GPs are seeing a rise in appointment demand from parents worried that their children have a strep A infection, with doctors describing the situation as ‘relentless’.
On Monday, it was reported that GPs have been advised to ‘have a low threshold’ for prescribing antibiotics to children presenting with symptoms.
But the BMA said GP services must not get too overwhelmed to see other sick patients, urging NHS England to bring in urgent additional capacity to NHS 111 call handling services.
Pharmacy organisations meanwhile reported shortages of liquid antibiotics commonly prescribed to children.
According to reports by The Independent, NHS 111 services are also overwhelmed by the demand.
Dr Kieran Sharrock, acting chair of GPC England at the BMA, said: ‘We completely understand parents’ and guardians’ concerns about the latest Strep A outbreak, however, it’s important to remember that serious cases of the infection are incredibly rare and most children will recover, at home, without any clinical intervention.
‘GPs are seeing an increase in demand about Strep A, but what mustn’t happen is that general practice gets overwhelmed. We are already working at capacity, with too few doctors, and need to make sure that we remain available for other patients who need us.’
He said that in order to help GPs, NHS England ‘should ensure concerned patients are initially signposted to contact NHS 111, so that they are given the right advice or directed to the most appropriate service if necessary, while allowing GP practices to continue delivering care to those patients who need them most’.
‘NHS England must also therefore urgently commission extra capacity in NHS 111’, he added.
‘This means more appropriately trained telephone operators and appointment slots to ensure that unwell children who need a GP assessment are identified, and booked in to be assessed by their practice as soon as possible.’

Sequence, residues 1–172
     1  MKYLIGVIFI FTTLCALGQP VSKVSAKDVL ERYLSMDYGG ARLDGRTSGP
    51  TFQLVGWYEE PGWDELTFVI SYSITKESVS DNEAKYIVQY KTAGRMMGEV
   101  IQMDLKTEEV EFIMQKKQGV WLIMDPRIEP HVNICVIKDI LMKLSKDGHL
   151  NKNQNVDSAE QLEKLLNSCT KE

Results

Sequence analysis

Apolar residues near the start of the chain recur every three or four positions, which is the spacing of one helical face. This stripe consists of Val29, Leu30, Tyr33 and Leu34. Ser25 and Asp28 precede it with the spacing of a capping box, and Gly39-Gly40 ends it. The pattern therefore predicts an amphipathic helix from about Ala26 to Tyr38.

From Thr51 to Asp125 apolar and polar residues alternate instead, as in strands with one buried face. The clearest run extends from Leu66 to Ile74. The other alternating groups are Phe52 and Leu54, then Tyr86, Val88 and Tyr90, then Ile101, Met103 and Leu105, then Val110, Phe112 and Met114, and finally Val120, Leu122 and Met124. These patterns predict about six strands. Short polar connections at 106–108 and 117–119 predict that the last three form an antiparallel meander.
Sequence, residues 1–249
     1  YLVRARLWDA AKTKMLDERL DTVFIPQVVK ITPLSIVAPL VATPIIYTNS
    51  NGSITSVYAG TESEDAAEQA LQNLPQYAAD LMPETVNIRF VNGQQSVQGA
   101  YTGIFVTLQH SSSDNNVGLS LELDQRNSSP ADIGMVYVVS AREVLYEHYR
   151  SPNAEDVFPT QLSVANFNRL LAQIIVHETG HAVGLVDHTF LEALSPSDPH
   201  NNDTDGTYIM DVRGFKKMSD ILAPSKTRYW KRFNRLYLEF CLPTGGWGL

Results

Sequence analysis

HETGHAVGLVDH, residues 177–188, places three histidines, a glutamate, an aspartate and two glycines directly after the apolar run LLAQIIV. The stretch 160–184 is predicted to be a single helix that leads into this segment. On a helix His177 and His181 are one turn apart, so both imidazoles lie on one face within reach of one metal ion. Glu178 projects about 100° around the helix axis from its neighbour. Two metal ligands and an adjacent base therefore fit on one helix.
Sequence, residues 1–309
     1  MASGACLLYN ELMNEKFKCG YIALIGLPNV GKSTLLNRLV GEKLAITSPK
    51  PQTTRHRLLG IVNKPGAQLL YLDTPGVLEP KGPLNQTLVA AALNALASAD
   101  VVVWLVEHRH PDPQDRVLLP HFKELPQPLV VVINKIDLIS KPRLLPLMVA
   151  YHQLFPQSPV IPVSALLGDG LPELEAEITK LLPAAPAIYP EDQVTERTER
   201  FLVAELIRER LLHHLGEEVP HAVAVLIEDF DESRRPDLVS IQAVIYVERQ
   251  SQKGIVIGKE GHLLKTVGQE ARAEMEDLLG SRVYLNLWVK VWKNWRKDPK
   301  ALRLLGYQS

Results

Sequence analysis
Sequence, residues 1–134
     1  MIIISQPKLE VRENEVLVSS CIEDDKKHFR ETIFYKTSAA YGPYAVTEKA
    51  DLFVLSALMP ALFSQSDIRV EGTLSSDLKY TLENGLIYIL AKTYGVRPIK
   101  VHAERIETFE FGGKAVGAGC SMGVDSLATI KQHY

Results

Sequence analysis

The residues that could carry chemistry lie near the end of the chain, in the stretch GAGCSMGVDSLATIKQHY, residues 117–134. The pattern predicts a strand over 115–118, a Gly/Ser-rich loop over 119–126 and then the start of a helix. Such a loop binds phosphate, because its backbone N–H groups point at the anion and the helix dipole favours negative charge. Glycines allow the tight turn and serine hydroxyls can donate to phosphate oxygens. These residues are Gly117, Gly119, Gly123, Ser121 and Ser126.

Dr Osman Bhatti, a GP in East London, said: ‘We started seeing the increase on Friday (2 December). Patients are being triaged and assessed online and by telephone, but we are bringing in more patients, so we have to ensure we aren’t mixing patients coming into the practice with infectious diseases.’
Dr Bhatti described the situation as ‘relentless’ adding that one of the doctors was still processing patients at 9pm.
‘We have had a practice huddle to discuss and work closely with the team to meet the demand to ensure we have everyone involved, not just clinical staff but support staff,’ explained Bhatti.
The Association of Independent Multiple Pharmacies said it was seeing a rise in the number of prescriptions for penicillin and amoxicillin. According to chief executive Dr Leyla Hannbeck, the supply of these medicines in oral liquid form (used for children) from wholesalers is ‘patchy’ and ‘pharmacies are experiencing supply issues from ALL wholesalers’.
The Association couldn’t say how long the shortages would last as supply follows demand. It is advising pharmacies to work closely with GP practices to ensure GPs are aware of the situation and are asking that GPs communicate any relevant info they may have to pharmacies so they can help manage this situation better.